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"How Can There Be A Problem? We Passed A Law!"

One of Mitt Romney's last little gifts to the people of Massachusetts was a plan that required every single resident of the Commonwealth to carry health insurance under penalty of law. I think P. J. O'Rourke would call it the "Take Care Of Your Health Or We'll Kill You" plan.

As I understand the way the plan works, if you have health insurance, you're fine. If you don't, your employer is "encouraged" to offer you some sort of plan, even if they don't offer to pick up part of the tab. And if all else fails, you sign up for some state plan. No matter what, you're GOING to be covered.

Well, the plan's been in effect for about a year now, and what's the result? Pretty much as you'd expect.

The real fun will come at the beginning of the year, when the state will find itself obligated to fine those people who -- for whatever reason -- have chosen to not sign up. Will Massachusetts have the courage of its convictions and actually carry out the legal penalties for going without health insurance? Will they repeal the law? Amend it to lessen or remove the penalties?

All possibilities, but as a long-time observer of Massachusetts politics, I don't think those are weaselly enough for Bay State politicians. Instead, I'll predict that they'll either extend the deadline or just ignore it entirely.

Remember, this is the health plan that Mitt Romney boasts of. This is a version of Hillary Care that the former first lady and current junior senator from Illinois ... um... where the hell did she end up, anyway? What state had the open Senate seat in 2000? Never mind, you know who I mean.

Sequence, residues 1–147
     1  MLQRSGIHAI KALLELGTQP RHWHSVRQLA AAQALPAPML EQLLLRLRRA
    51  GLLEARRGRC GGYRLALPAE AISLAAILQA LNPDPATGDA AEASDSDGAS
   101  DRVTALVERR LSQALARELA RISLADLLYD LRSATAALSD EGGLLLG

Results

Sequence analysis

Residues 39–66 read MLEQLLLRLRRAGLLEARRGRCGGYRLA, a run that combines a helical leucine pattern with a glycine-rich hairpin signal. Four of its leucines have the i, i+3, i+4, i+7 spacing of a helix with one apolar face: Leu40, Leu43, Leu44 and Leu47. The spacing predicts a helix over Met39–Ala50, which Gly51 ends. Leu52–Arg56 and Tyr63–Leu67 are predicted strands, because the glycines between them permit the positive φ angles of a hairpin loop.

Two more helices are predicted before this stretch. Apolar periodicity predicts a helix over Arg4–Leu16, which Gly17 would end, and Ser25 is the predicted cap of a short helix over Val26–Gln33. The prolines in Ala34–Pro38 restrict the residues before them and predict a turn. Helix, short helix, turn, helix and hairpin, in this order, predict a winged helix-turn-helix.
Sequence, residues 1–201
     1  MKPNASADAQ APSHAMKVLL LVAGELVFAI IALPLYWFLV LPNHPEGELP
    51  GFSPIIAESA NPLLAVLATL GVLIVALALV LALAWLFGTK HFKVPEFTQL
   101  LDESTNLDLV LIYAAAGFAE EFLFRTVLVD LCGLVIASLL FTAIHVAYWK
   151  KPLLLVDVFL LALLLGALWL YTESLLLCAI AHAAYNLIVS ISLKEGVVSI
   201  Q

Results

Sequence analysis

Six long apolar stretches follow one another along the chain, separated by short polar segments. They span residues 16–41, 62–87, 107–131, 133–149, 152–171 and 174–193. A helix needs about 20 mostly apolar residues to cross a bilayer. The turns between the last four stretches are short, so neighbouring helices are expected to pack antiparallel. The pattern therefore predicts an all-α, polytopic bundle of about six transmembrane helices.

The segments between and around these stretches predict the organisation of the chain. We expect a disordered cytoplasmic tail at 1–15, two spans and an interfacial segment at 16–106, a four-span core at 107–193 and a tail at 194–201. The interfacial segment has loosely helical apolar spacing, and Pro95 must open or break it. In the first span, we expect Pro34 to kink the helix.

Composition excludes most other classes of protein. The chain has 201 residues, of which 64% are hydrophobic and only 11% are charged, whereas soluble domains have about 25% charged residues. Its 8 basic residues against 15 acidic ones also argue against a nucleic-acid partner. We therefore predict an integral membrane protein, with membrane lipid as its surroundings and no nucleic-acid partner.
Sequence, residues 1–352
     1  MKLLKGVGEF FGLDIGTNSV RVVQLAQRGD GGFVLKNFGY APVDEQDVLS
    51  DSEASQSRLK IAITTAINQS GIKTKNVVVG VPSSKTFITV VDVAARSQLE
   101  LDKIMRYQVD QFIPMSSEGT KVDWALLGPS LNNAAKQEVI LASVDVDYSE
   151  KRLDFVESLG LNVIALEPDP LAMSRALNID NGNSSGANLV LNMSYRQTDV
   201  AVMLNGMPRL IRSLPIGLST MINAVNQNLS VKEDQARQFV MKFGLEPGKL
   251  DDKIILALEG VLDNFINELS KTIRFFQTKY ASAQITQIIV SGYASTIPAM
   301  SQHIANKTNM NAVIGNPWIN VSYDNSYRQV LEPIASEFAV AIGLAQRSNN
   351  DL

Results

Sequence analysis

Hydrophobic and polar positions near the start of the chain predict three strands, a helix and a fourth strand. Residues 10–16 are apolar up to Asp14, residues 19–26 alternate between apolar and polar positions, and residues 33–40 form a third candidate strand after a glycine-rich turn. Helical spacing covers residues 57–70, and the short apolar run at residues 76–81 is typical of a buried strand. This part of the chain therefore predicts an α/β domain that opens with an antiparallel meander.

Where was I? Oh, yeah. This is the future of health care insurance reform that some of the candidates are putting forward. And if you're wondering just how it'll be presented, let me quote the end of the article:

Jarrett Barrios, president of the Blue Cross Foundation, says the outreach effort needs to "move into the trenches" to address more directly the reasons that make people choose not to apply.

"That choice jeopardizes not only their own health, but may jeopardize the entire project of health reform," he said.

That's right. The poorest, least educated, most disadvantaged segment of the population just might hold the power to destroy a plan intended to take care of everybody by exerting their "right to choose," by saying that -- for whatever reason, and it certainly is not our place to judge their reasons -- they do not wish to participate.

If Mr. Barrios is to believed, that is incredibly shaky ground. But Mr. Barrios is the same former Massachusetts State Senator who once proposed banning schools from offering Fluffernutter sandwiches as an attempt to check childhod obesity. So I tend to take his pronouncements with several times my Recommended Daily Allowance of salt.